Posts Tagged ‘Dichelostemma’

A Week of Monarchs and Milkweed: Day 2

Two monarch caterpillars sharing the same purple milkweed plant.

Nancy Bray and I had been planning a trip to the North Umpqua for quite a while. I was rather torn between going to some of my favorite places in Douglas County and looking for more milkweed and monarch sites. As luck would have it, I was able to do both. While checking the distribution of purple milkweed (Asclepias cordifolia) on the Oregon Flora Project Atlas, I had noticed one record of milkweed on Medicine Creek Road 4775 in the North Umpqua area from 1994. While out with Crystal Shepherd on Monday, she told me she used to work at the Diamond Lake District and had seen the milkweed at that site just 5 years ago. Read the rest of this entry »

Forensic Botany at Tire Mountain

View of Oakridge and Hills Creek Reservoir. You can see the dirty air sitting down low in valleys and obscuring the reservoir. A glimpse of a small forest of oaks can be seen a little left of the trees in the center at what appears to be the base of the meadow.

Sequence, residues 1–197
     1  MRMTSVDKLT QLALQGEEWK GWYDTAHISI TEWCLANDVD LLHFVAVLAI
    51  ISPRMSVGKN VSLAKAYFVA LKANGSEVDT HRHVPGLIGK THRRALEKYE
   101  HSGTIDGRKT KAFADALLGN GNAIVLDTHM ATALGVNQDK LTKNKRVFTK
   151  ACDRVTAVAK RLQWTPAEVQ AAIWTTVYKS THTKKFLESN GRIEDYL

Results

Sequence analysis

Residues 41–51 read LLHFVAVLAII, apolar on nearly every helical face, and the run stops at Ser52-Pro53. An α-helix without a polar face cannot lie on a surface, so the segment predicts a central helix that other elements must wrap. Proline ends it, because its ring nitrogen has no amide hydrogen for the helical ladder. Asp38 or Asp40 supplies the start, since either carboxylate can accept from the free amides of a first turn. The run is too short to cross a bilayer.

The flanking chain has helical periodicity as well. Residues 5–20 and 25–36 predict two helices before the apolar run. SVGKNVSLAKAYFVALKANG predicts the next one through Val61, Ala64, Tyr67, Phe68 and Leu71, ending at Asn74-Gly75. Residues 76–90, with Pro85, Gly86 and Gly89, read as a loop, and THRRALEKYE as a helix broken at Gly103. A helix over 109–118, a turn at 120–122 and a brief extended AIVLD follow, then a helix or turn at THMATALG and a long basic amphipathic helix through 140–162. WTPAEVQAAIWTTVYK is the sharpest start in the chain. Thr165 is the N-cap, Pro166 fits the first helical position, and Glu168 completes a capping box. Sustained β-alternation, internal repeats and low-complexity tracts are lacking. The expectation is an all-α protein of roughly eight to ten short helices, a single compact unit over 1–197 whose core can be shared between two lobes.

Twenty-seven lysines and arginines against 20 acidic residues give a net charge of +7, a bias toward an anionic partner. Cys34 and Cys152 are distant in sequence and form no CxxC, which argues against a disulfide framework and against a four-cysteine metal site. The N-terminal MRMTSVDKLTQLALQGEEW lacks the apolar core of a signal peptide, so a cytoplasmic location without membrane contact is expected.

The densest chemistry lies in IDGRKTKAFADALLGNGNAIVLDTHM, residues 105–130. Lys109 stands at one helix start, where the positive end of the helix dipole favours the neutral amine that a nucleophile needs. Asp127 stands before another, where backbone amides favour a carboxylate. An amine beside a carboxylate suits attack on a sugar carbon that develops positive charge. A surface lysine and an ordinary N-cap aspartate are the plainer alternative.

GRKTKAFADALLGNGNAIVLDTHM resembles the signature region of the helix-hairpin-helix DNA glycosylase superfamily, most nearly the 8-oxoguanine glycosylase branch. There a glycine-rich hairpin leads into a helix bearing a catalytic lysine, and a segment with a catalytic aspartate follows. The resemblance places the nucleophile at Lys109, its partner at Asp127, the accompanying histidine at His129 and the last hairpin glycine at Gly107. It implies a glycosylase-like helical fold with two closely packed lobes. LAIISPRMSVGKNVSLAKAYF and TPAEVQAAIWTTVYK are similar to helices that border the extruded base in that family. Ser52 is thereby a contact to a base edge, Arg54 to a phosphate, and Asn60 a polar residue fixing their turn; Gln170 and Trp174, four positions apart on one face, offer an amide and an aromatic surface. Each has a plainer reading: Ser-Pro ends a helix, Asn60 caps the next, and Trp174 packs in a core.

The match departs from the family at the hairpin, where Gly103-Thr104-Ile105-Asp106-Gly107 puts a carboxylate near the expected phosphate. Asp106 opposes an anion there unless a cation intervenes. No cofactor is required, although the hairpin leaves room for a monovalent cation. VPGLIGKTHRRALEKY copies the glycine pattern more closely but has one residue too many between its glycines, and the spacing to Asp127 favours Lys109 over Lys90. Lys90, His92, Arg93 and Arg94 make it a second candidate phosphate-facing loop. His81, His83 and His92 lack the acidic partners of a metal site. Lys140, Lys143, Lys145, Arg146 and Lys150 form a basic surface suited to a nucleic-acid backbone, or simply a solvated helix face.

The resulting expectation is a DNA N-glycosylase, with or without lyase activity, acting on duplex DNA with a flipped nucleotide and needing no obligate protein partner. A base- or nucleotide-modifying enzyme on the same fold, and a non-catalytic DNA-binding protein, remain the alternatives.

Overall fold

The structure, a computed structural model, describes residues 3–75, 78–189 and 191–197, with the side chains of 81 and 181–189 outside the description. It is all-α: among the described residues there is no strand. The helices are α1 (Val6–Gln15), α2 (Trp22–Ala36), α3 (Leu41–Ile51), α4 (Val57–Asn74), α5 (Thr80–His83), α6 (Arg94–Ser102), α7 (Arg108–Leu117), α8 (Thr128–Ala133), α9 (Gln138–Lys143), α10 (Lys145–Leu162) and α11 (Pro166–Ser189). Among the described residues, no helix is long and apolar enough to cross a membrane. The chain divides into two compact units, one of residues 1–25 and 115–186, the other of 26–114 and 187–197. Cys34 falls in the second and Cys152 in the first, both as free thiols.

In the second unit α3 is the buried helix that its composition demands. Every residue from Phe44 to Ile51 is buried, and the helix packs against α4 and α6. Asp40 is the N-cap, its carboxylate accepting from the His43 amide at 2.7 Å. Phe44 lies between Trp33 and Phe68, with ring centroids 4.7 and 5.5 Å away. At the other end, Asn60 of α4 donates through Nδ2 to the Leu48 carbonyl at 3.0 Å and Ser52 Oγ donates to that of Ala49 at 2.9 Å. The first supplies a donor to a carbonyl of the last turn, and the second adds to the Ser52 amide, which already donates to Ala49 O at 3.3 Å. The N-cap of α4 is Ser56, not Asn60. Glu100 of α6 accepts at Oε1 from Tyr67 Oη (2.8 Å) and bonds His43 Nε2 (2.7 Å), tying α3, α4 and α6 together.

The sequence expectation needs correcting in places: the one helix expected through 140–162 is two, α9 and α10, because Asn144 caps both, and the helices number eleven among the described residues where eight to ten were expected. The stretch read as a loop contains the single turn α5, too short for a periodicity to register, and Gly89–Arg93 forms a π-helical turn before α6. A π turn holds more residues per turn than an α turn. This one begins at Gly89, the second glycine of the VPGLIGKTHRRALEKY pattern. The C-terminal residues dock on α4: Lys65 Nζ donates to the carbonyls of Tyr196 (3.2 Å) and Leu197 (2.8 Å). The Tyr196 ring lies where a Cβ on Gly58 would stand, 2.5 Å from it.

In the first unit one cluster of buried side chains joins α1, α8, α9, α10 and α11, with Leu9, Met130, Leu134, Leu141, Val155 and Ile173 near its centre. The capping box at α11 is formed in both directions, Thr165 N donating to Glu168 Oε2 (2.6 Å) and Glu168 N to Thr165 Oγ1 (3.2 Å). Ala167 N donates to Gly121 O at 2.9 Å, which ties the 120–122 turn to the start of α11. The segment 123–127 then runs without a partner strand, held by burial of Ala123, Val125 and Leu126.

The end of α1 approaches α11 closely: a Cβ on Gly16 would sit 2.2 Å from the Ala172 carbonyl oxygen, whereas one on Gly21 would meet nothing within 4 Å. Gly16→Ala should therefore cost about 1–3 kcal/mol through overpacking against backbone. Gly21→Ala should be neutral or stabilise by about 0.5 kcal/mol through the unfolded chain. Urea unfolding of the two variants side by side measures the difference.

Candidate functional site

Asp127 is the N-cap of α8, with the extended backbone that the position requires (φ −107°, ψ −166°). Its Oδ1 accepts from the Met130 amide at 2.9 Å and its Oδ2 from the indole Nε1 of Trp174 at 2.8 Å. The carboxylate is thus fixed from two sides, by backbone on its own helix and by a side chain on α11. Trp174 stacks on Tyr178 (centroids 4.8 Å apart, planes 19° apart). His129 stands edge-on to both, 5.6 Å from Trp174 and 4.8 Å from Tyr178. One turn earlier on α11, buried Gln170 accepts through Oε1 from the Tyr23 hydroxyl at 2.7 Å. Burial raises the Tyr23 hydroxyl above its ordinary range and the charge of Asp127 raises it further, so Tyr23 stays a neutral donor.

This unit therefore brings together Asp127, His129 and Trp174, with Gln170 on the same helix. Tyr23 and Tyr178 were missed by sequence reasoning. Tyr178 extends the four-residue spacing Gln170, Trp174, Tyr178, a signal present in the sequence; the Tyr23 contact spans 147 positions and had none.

Rain at last—what a relief! Not that I wasn’t enjoying the glorious weather we’ve had lately, but things were getting bone dry, the air was dirty, and the roads were terribly dusty (as is my car both outside and in!). On Thursday (October 11—10/11/12 for those of us who love numbers), I went to Tire Mountain to enjoy the weather before the promised rain. It was dry—really dry. It is normal this time of year, especially at that elevation (under 4000′), for most of the meadow plants to be dried out and the woodland plants to be yellowing, but after so many weeks of drought, even the sword ferns—arguably one of our toughest plants—were badly wilted. I’ve been to Tire Mountain in the fall in the past and marveled at the abundance of tiny green seedlings covering the ground. These will be many of the annuals that will put on a show the following spring. Without a drop of water to set them off, the seeds are still dormant in the soil this year. How long it will take for them to germinate now that the rains have started? It might be worth a return trip soon to find out. Read the rest of this entry »

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